For the record, they’ve nailed it two years in a row, so they might be the horse to go with in 2018 as well. If they’re right again, it’ll be more good news for both prospective and existing homeowners.
2018 Mortgage Rate Forecast from Freddie Mac
Now let’s take a look at brother Freddie Mac’s forecast, which you might want to pay close attention to seeing that they release the bellwether mortgage rate survey every week.
First quarter 2018: 4.1%
Second quarter 2018: 4.3%
Third quarter 2018: 4.4%
Fourth quarter 2018: 4.6%
Okay Freddie Mac, we can deal with that. A mere 10-basis point climb in the first quarter, followed by similarly reasonable increases in subsequent quarters. Yeah, that probably works for most folks.
A 4.6% rate at the end of 2018 certainly isn’t something to get upset about. As for 2019, you’re looking at a still decent 4.7% 30-year fixed rate.
2018 Mortgage Rate Forecast from the NAR
First quarter 2018: 4.2%
Second quarter 2018: 4.5%
Third quarter 2018: 4.6%
Fourth quarter 2018: 5%
Then there’s the National Association of Realtors, a group that always seems to fear for the worst. I don’t think they’ve ever predicted things to just remain where they are. They seem to sell urgency, which is important when you’re trying to get people into homes.
Anyway, I now have their full quarterly breakdown, as seen above, which counters what chief economist Lawrence Yun said late last year in a release that “mortgage rates will gradually climb towards 4.50 percent by the end of 2018.”
The NAR National Housing Forecast actually calls for an average rate of 4.6% all year, with rates reaching 5.0% by the end of the 2018.
Last year, they expected the 30-year fixed to climb to 4.6% by the end of 2017, which as you may know, didn’t transpire.
They seem to make some comparatively loose predictions, often going with whatever the next highest threshold is, though they’ve backed away from their near-5% estimate held in 2016.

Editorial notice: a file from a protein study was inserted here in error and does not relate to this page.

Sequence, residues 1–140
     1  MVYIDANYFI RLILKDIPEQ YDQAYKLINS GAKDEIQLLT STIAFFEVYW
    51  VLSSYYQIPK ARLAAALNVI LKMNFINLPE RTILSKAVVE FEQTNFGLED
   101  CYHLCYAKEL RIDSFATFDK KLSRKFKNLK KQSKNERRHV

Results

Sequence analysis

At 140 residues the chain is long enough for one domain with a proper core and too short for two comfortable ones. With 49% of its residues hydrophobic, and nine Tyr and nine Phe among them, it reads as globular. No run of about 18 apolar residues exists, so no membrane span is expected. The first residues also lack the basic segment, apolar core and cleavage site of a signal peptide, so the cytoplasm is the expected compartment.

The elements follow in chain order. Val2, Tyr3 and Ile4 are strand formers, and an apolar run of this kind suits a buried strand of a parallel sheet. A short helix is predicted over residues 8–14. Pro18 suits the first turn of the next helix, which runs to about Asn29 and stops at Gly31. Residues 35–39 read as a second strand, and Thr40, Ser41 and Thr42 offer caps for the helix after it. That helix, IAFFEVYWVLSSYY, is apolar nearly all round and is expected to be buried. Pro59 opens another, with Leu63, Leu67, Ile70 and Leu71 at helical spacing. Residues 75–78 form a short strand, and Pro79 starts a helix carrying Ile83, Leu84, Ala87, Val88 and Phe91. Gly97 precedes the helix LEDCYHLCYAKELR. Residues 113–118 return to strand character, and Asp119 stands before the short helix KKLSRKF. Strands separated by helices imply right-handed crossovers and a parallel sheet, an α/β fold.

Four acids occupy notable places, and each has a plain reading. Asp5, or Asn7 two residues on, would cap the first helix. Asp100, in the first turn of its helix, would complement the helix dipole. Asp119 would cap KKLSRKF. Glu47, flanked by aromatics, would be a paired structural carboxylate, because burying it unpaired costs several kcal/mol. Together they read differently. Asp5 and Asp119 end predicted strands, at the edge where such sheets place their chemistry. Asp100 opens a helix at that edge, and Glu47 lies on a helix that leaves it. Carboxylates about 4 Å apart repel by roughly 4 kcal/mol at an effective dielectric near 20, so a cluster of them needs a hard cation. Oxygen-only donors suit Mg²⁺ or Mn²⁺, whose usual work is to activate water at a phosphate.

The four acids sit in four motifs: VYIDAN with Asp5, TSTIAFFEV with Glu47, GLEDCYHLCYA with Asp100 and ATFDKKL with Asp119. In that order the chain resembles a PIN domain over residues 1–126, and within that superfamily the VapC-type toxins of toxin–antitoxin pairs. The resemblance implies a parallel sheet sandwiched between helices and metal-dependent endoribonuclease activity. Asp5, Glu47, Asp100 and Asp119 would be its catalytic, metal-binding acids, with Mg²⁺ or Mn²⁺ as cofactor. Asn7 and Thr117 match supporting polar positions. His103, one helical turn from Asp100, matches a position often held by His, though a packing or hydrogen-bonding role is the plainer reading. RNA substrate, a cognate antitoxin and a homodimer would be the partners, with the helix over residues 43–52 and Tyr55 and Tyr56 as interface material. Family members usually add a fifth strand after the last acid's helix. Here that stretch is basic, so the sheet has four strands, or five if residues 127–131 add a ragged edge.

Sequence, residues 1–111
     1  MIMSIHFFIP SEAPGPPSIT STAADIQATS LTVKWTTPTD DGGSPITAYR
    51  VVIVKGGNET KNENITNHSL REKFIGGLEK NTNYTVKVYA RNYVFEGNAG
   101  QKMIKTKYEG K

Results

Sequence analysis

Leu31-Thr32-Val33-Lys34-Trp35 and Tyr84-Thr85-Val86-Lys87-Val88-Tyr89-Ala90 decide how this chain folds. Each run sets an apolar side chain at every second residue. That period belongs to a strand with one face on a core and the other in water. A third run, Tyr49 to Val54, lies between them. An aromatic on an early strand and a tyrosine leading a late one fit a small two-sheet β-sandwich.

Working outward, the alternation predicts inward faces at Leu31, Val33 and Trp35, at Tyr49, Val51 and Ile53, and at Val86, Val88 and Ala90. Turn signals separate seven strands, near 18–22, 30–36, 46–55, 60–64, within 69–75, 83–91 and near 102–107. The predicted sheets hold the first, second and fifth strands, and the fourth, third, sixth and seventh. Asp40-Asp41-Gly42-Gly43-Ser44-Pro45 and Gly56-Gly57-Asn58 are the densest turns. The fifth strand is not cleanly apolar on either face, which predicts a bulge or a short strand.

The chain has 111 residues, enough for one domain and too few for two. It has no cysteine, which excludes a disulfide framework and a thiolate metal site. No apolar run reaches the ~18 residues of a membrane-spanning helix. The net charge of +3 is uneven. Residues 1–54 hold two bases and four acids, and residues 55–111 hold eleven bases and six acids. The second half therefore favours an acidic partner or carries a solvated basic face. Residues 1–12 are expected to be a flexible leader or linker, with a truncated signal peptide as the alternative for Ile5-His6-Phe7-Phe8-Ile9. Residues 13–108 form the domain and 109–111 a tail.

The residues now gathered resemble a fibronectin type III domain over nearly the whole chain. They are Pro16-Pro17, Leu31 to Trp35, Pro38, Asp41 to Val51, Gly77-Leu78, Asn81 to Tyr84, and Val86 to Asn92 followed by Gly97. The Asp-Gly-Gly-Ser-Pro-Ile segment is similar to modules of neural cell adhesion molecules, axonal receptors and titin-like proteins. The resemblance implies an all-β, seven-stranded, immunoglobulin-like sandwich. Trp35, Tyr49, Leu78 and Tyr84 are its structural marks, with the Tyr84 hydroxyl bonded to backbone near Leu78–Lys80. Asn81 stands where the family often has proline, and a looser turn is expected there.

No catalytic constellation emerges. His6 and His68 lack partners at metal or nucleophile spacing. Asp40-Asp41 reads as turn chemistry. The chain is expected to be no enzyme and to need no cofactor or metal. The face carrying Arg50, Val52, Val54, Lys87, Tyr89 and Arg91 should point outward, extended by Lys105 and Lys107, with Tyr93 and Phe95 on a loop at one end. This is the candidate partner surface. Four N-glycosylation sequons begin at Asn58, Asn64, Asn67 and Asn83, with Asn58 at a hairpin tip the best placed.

My point is it seems more psychological than it is scientific, and perhaps that’s a good thing if you want rates to stay in the 4% realm.
2018 Mortgage Rate Forecast from Zillow
We’ve also got a prediction from Zillow, which recently surveyed some 100 housing experts, market strategists, and economists about mortgage rates in 2018 (among other things).
That survey’s median prediction is 4.50% on the 30-year fixed, with a low-end prediction (25th percentile) of 4.28% and a high-end prediction (75th percentile) of 4.70%.
Depending on who’s right, if anyone, rates could move as little as a quarter of a percent to nearly a point higher next year.
I also stumbled upon the National Association of Home Builders (NAHB) interest rate forecast, which sees the 30-year fixed rising to 4.20% next year and 4.67% in 2019.
The chart below from CoreLogic is an average of all those forecasts, which points to a rate of 4.6% by December 2018. The more pessimistic MBA forecast might be pushing it higher.
In summary, 2018 is looking like it’ll go easy on mortgage rates, assuming the consensus is correct. Of course, anything can happen and the general trend seems to be higher rather than lower.
But if any rate movement remains muted, it should help buyers contend with rising home prices, and also keep mortgage refinancing incentives alive for those looking to save on their existing mortgages.